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of each supervisor only. SL positively influenced the expected leader-member exchange treatment of the subordinate and an evaluation of subordinate’s performance.

In a constructive replication of past vertical dyad linkage (VDL) research, the leadermember exchange scores of one hundred and ninety two (192) hospital employees in the US were used to predict reports of felt equity and satisfaction, as well as employment status over a one-year period. Subjects also completed scales of job satisfaction and an organizational fairness scale. Although the results failed to establish leader-member exchange as predictive of employee turnover, leader-member exchange was closely associated with satisfaction and felt equity. Results suggest that findings reported should not be overgeneralised rather additional conceptual refinement of VDL approach may be necessary (Vecchio &Norris 1996).

2.2 Organizational effectiveness The organizational effectiveness concept is based on four (goal model, system resources model, multiple constituency, internal process model) major models Cameron (1980). These four models or approaches to evaluating effectiveness in organization have been integrated into what has been referred to as the competing values framework.

Quinn & Rohrbaugh (1981, 1983) developed this framework by integrating the four models. Pounder (1999) evaluating effectiveness of higher educational institutions in Hong Kong also developed nine underlying criteria or dimensions (productivityefficiency, quality, cohesion, adaptability-readiness, information management

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communication, growth, planning goal setting, human resource development and stability-control) based on the competing values framework.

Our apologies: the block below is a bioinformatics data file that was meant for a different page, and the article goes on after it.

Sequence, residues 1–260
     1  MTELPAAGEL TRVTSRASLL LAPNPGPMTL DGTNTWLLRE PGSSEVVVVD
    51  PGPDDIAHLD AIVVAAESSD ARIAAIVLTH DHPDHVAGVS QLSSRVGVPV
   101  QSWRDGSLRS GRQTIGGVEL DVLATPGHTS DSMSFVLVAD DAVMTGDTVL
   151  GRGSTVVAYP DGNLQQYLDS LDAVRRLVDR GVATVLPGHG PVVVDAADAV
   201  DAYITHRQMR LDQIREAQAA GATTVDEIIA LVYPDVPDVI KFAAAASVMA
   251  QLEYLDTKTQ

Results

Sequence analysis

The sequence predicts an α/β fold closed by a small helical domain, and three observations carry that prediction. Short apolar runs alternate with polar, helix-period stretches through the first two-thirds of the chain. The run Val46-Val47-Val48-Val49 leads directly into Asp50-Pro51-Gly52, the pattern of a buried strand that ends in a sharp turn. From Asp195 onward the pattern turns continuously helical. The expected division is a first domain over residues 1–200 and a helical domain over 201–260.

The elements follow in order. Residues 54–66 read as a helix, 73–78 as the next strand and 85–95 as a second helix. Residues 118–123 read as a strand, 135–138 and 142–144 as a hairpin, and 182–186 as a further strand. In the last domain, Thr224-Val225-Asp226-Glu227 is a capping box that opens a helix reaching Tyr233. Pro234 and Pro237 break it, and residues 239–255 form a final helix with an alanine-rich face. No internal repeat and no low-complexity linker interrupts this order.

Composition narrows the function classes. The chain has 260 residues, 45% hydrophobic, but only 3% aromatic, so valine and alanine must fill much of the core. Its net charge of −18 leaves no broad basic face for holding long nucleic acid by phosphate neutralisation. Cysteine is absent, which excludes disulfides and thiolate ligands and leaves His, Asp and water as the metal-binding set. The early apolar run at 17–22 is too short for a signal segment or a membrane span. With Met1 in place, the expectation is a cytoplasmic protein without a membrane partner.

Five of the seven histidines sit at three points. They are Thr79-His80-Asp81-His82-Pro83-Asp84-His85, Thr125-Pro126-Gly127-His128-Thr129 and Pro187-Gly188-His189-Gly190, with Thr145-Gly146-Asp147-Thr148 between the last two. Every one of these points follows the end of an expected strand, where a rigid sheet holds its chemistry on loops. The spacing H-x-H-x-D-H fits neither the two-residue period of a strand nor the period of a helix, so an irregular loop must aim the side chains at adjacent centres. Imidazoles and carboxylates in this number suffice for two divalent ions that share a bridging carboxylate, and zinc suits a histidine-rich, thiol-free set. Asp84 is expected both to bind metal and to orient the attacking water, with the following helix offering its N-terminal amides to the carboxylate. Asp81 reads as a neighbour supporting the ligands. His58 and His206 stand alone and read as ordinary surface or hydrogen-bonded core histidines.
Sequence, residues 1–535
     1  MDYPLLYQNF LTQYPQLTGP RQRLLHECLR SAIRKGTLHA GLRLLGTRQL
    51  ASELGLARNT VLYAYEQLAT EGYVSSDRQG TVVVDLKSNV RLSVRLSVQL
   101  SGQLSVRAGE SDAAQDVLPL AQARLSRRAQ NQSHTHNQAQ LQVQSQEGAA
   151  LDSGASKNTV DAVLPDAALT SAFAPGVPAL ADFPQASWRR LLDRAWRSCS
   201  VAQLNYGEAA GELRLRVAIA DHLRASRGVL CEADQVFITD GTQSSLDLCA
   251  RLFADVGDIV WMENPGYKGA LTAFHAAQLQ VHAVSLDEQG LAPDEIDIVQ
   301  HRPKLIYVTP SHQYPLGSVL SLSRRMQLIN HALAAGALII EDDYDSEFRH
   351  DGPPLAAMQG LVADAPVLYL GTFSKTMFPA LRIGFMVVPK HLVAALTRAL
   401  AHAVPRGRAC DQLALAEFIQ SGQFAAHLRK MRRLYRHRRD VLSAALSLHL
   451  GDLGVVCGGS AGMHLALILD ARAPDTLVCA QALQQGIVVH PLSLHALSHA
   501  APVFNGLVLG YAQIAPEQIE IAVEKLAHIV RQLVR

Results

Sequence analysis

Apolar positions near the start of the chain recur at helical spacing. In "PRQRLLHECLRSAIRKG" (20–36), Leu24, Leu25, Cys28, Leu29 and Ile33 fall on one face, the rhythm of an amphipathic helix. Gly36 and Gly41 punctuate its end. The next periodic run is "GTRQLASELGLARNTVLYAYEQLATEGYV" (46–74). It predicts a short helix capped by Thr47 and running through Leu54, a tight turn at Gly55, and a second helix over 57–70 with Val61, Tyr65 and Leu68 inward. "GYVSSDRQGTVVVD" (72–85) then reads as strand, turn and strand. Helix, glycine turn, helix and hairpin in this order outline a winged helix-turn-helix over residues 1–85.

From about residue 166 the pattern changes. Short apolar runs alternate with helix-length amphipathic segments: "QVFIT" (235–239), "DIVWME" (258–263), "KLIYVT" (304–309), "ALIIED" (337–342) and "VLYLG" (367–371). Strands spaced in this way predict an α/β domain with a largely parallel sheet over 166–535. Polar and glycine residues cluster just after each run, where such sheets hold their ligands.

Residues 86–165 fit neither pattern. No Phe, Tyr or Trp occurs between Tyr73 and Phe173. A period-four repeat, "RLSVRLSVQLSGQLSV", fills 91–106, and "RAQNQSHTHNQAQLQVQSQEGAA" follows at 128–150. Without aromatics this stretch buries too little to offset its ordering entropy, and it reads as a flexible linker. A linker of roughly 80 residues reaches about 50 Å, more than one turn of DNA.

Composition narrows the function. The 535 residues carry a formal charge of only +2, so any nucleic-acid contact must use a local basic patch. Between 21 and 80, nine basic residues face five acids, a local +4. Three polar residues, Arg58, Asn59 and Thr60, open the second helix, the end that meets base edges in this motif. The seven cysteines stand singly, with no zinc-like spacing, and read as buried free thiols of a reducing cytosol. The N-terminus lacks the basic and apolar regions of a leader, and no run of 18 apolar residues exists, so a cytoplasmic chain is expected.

Pounder’s work tested for the empirical basis of this framework by using a behaviorally anchored rating scale to standardize the nine dimensions and use them to evaluate institutional or organizational effectiveness. The outcome of Pounder’s work eliminated the last two dimensions (human resources development and stability-control) of the competing values framework on grounds of low reliability. It is due to this development that the present study has conceptualized effectiveness in line with the competing values framework, but with the first seven dimensions retained by Pounder’s study. In addition, the researcher’s choice is as a result of the integrative nature of the competing values framework and its emphasis on multiple measures. In other words, it has a global perspective of evaluating organizational effectiveness.

Traditionally, organizational effectiveness has been defined as the meeting or surpassing of organizational goals (Barnard, 1938). This perspective has become known as the goal model to the study and measurement of organizational effectiveness since it views organizations as principally concerned with the attainment of certain end products or goals.

2.2.1

The Goal Model

The goal model rests on the implicit assumption that an organization’s goals can be clearly established and that necessary human and material resource can be manipulated